Philosophy East & West  All dogma, all theology, is necessarily one-sided because it engages in making distinctions. The divine, the underlying whole, which gives birth to, supports, and receives back all of existence, provides the cosmic pat­ tern in which all distinctions inhere. To know God, the Tao, the Atman, requires not metaphysics but a direct experience of the whole-and that, Jung maintains, is available to us all through the Self.

It is not likely that theologians or metaphysicians will be happy with Jung’s Taoist experience of the divine. But it is something quite differ­ ent from skepticism or gnosticism. If it is to hit the mark, any discussion of Jung’s religion would be advised to begin with the Taoist back­ ground and then to grapple with his contention that in Paul’s experience of Christ “the deepest religious experience of the West and the East meet.”83 Jung seems to have been convinced that in Pauline theology Taoist and Christian thought coalesce.

NOTES

 

  • – Harold Coward, Jung and Eastern Thought (Albany: State University of New York Press, 1985).
  • – , pp. 52-55.
  • – G. Jung, Memories, Dreams, Reflections, ed. Aniela Jaffe, trans. Richard and Clara Winston (New York: Vintage Books, 1965), 373.
  • – , p. 374.
  • – G. Jung, Psychological Types, in The Collected Works of C. G. Jung, vol. 6 (Princeton: Princeton University Press, 1971 ).- Jung, Memories, Dreams, Reflections, 207. – , p. 208.
  • – Jung, Psychological Types, 214.
  • – John B. Henderson, The Development and Decline of Chinese Cosmology (New York: Columbia University Press, 1984), xv. In an even more recent book, Benjamin Schwartz suggests the term “correlative anthropocosmology” as a more exact translation of the Chinese principle (The World of Thought in Ancient China [Cambridge: Harvard University Press, 1985]). – , p. 1. – , p. 22. – , pp. 154-155.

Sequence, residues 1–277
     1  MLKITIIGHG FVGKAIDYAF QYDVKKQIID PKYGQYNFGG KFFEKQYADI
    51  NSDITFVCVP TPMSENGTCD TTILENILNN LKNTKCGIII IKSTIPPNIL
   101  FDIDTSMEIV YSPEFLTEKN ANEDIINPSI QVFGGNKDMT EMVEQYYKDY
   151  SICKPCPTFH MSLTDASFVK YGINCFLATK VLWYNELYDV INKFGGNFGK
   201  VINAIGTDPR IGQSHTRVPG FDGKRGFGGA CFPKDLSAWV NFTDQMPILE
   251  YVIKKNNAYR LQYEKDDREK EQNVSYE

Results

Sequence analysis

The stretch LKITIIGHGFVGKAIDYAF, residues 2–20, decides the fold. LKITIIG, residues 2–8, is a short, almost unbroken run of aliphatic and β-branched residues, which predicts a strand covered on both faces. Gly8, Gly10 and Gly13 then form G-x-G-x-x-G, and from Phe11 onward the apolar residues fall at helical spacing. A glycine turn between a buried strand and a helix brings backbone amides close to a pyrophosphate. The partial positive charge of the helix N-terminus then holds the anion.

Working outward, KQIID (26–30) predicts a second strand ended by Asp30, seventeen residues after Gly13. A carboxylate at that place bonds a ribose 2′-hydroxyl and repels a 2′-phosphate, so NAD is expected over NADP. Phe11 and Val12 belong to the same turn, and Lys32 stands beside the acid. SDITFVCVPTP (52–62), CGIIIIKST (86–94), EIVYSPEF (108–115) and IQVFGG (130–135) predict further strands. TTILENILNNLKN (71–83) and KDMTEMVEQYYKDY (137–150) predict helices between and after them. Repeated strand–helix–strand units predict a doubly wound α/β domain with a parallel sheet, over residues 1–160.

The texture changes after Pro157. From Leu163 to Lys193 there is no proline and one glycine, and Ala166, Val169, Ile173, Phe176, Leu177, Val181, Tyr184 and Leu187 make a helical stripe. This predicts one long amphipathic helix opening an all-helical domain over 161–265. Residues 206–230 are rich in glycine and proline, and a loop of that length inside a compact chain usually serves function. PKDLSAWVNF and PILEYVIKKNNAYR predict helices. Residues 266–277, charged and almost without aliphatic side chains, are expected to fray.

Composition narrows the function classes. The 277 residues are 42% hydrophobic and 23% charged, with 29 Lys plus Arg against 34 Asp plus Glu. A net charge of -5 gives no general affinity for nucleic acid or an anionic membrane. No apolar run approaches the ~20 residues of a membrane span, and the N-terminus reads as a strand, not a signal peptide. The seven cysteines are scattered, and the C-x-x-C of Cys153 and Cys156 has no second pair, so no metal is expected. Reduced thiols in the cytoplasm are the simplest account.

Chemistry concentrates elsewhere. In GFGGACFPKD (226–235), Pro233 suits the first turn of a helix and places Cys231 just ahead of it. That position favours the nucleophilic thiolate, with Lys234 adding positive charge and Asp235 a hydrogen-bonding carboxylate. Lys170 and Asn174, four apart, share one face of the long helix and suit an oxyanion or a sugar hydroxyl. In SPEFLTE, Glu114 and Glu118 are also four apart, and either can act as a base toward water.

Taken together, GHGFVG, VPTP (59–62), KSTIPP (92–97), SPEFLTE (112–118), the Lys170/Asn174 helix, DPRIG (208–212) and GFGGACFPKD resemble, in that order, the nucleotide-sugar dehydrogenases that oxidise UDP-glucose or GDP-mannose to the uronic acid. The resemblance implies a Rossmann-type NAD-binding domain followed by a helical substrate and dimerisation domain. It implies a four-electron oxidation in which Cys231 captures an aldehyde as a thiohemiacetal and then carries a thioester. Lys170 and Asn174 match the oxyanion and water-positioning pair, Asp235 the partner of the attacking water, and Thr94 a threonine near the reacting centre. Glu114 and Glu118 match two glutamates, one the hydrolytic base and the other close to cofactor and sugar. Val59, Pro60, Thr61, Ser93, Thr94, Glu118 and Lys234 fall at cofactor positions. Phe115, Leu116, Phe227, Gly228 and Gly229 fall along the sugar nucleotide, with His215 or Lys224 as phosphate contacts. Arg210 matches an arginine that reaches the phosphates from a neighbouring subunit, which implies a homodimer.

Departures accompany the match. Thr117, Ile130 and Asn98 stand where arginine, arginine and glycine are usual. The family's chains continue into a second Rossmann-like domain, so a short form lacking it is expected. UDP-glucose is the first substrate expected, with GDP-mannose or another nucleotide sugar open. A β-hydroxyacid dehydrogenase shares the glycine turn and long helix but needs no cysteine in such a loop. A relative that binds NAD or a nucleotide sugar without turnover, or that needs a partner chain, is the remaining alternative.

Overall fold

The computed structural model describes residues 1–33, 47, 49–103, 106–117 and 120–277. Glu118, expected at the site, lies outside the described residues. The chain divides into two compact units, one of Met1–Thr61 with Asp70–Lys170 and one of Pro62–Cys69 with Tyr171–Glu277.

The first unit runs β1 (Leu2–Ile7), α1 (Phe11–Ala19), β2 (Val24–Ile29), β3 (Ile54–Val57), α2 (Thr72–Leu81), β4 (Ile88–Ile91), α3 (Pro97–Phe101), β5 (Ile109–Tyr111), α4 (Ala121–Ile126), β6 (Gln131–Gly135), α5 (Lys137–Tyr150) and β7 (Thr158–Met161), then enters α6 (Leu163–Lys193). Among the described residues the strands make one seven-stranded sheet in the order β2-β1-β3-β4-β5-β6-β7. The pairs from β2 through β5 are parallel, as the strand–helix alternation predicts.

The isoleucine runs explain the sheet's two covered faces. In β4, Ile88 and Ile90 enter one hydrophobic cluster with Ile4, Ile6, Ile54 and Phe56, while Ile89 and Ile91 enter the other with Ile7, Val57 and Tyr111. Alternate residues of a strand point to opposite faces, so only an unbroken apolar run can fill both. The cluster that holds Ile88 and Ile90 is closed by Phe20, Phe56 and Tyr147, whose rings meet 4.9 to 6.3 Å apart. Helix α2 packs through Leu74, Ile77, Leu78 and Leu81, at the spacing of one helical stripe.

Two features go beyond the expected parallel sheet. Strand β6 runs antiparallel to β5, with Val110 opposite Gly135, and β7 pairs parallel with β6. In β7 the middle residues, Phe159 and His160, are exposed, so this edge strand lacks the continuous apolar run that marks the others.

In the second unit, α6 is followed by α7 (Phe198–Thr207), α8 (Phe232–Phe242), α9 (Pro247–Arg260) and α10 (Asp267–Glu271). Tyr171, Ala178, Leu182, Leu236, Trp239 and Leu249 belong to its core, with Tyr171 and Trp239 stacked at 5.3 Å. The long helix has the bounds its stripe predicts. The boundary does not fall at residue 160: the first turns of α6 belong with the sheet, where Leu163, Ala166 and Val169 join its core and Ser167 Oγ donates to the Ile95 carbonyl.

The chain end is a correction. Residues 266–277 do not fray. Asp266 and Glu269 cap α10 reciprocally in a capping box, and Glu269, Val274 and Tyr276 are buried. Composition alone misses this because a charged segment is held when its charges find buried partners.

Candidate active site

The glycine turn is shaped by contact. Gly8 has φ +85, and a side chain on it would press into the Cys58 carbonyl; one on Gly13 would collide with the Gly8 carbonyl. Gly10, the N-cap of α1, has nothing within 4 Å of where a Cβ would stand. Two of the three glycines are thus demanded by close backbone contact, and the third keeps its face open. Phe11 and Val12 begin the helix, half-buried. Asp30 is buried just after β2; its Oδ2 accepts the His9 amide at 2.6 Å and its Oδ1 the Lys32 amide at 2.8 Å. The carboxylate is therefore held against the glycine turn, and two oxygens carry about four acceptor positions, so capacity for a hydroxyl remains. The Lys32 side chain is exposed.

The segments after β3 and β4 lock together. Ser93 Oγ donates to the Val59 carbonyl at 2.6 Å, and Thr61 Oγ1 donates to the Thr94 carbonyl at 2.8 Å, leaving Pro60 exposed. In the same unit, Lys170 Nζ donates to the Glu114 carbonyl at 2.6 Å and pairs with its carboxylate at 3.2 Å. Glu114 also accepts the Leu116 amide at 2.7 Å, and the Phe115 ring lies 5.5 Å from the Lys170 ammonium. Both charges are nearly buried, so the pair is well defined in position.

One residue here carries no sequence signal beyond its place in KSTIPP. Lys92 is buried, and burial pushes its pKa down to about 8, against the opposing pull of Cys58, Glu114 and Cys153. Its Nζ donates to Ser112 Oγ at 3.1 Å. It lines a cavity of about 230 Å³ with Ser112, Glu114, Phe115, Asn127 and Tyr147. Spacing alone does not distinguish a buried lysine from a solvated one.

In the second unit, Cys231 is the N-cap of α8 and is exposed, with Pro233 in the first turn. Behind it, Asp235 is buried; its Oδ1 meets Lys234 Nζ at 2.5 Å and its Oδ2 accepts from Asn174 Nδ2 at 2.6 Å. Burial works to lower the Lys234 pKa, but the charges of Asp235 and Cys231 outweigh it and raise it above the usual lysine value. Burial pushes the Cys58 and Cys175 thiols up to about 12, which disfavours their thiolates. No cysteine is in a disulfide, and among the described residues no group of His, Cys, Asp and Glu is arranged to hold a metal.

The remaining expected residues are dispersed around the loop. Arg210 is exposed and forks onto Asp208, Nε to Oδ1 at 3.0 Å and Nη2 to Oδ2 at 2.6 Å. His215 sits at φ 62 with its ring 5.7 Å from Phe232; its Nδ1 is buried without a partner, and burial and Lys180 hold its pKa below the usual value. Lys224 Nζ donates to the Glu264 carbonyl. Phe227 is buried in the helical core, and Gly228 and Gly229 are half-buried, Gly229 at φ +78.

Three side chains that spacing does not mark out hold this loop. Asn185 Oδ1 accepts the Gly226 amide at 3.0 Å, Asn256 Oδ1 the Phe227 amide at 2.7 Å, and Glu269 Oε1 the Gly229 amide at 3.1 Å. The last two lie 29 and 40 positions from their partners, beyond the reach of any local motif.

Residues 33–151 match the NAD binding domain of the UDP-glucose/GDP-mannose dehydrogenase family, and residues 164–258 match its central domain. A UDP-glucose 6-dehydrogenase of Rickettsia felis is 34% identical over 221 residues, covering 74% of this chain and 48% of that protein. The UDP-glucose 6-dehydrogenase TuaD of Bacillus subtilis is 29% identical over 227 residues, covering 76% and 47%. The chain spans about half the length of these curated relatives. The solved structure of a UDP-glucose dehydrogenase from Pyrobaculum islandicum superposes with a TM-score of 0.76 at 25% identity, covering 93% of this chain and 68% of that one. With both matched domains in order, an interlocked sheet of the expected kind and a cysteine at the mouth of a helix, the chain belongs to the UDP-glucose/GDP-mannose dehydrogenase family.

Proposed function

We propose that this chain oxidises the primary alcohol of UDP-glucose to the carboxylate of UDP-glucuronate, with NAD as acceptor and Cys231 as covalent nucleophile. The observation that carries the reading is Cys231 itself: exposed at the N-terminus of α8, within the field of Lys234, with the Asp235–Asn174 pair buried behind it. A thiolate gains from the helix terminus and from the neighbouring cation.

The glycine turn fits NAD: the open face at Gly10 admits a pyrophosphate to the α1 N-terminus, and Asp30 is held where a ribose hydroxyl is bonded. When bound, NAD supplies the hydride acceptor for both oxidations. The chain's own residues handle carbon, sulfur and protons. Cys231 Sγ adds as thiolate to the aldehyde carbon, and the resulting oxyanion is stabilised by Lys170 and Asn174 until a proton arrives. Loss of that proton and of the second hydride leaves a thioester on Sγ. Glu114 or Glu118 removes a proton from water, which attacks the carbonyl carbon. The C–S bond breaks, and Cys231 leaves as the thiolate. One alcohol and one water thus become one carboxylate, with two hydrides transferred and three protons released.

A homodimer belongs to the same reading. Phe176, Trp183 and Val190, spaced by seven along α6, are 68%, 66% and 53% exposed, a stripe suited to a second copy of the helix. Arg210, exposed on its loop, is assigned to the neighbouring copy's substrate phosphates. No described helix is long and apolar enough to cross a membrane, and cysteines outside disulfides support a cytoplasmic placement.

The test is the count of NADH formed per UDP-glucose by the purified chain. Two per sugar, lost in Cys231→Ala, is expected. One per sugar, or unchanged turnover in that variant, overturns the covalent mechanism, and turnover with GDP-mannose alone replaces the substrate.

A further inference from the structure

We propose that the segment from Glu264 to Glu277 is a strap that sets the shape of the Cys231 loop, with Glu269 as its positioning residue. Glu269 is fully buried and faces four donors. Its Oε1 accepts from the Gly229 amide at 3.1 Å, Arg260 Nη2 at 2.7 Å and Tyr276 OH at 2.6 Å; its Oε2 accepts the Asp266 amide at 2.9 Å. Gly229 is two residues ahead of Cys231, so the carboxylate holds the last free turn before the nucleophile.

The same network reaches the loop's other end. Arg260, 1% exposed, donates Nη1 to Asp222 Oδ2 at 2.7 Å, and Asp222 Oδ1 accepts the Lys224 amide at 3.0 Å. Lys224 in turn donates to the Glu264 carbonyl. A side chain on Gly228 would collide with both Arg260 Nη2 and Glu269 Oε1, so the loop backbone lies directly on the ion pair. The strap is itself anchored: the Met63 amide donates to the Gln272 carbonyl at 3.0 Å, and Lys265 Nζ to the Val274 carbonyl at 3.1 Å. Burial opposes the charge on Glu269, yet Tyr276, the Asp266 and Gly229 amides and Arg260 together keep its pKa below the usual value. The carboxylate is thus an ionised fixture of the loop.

• The Tao Te Ching of Lao Tzu, Chapter 25, James Legge, in The Texts of Taoism (New York: Dover Publications, 1962), pt. 1, 68.
  • – As quoted by Jung from Waley’s translation; see Jung, Psycho- logical Types, in Collected Works, 6: 214. – , pp. 216-217.
  • – Jung, Memories, Dreams, Reflections, 374.
  • – G. Jung, Foreword to The I Ching or Book of Changes, trans. Richard Wilhelm (Princeton: Princeton University Press, 1950), xxii. – , p. xxiv.
  • – A. Callahan, “Discourse and Perspective in Daoism: A Linguis­ tic Interpretation of Ziran,” Philosophy East and West 39 (1989): 171.
  • – Jung, Foreword to The I Ching, xxiv.
  • – G. Jung, Synchronicity: An Acausal Connecting Principle (Princeton: Princeton University Press, 1973) (see Collected Works, vol. 8), pp. v-vi.
  • – Jolande Jacobi, The Psychology of G. Jung (New Haven: Yale University Press, 1973), pp. 49-50.
  • – Jung, Synchronicity, vi.
  • The Secret of the Golden Flower, Richard Wilhelm with Commentary by C. G. Jung (New York: Causeway Books, 1975), 142.
  • – Ira Progoff, Jung, Synchronicity and Human Destiny (New York: Dell, 1973), p. 158.